9 Mistakes New Managers Should Avoid

Rookie manager mistakes. They’re predictable. They’re also mostly preventable.

Here are nine that jump up and bite too many first-time managers.

Forewarned is forearmed.

Rookie Manager Mistake No. 1: Assuming you’ve been tapped for this new role to “shake things up.”

Reality: In the history of first-time managers, approximately zero were promoted into their new role with the charter to “shake things up.” The boss who promoted you is cautiously optimistic that you won’t screw things up too badly. Maybe over time, if you prove capable you will be able to shake gently.

Rookie Manager Mistake No. 2: Assuming the people on your new team are happy to see you in this role.

Reality: There are likely to be a variety of opinions about your elevation to this role, ranging from resentment to jealousy to ambivalence. Beware the false enthusiasm. Everyone’s waiting to see who and what you are before deciding whether to support or subvert you. You’ve got to earn your credibility.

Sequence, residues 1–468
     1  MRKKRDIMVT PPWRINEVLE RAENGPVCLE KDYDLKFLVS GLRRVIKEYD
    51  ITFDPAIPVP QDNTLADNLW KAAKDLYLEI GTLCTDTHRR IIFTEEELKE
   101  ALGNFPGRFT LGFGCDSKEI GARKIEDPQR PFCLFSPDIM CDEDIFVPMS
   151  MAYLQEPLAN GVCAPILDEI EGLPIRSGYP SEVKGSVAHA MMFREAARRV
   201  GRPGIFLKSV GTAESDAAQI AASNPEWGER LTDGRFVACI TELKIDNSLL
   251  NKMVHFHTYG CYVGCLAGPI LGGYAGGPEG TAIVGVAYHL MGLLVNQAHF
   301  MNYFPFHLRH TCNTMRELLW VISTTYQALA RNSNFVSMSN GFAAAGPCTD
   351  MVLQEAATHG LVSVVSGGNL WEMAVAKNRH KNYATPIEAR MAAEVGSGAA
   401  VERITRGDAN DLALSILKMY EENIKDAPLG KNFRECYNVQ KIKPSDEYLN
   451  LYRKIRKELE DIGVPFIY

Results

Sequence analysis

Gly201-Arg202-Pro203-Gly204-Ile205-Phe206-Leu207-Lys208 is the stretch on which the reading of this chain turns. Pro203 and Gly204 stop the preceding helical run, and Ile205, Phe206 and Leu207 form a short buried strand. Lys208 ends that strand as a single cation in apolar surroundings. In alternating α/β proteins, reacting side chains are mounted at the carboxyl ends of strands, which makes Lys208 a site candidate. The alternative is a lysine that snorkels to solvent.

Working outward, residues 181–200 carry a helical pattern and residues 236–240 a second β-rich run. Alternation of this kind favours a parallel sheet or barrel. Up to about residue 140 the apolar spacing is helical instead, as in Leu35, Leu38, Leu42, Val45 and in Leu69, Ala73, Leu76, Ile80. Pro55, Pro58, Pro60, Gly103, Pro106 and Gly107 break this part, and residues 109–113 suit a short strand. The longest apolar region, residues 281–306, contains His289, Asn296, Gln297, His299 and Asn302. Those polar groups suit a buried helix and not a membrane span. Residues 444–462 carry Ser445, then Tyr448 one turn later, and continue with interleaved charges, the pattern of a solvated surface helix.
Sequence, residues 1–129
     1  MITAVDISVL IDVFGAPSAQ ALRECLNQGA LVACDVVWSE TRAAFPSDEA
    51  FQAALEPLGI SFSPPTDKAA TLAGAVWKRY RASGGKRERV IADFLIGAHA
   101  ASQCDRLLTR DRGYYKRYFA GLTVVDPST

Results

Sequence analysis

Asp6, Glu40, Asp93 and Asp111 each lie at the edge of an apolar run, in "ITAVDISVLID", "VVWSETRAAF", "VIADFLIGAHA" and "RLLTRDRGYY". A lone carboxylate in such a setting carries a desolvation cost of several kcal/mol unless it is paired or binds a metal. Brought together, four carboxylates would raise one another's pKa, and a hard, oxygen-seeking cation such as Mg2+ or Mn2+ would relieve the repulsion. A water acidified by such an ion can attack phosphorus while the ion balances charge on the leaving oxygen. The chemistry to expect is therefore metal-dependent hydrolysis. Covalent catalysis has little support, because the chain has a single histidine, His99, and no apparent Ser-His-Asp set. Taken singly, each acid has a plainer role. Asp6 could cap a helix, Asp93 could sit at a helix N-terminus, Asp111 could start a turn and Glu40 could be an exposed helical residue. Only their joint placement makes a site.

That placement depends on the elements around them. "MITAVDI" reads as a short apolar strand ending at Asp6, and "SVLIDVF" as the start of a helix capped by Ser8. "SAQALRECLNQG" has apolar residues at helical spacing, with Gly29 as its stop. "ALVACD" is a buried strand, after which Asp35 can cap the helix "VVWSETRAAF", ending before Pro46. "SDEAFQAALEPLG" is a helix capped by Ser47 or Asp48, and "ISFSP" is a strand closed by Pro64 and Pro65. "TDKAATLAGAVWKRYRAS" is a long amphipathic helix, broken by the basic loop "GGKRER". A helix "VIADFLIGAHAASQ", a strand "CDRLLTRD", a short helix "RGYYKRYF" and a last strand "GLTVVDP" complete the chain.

Rookie Manager Mistake No. 3: Adopting the “I’m in charge” tone.

Reality: The last person who uttered the phrase, “There’s a new sheriff in town,” and got away with...

The Top 10 Challenges for New Managers

Some jobs are harder than others. Navigating the waters of your first-time manager position ranks high on the list.

The initial few weeks (years) are what I term the early-awkward phase. Mastery isn’t an issue. Survival is. Mastery comes next decade. Maybe.

Most individuals arrive at their first-time management position in one of two ways: battlefield promotion or deliberate development program. You can guess which one is most common.

The battlefield promotion path to management means you’ve got a heartbeat and someone somewhere has a feeling you won’t screw this up too badly. And if you do, well, they’ll promote the next one standing.

For those of you fortunate enough to come to your new role via a proper development path, complete with training, coaching and ample time guiding initiatives, you’ve got a slight advantage. You at least have a clue about what you don’t know.

Regardless of your path to the role, you have at least 10 challenges to navigate the minute you walk in the door on your first day:

Top Ten Challenges of the New Manager:

  1. Gain you subordinates’ trust.
  2. Establish your credibility.
  3. Show respect.
  4. Understand the mission of your team...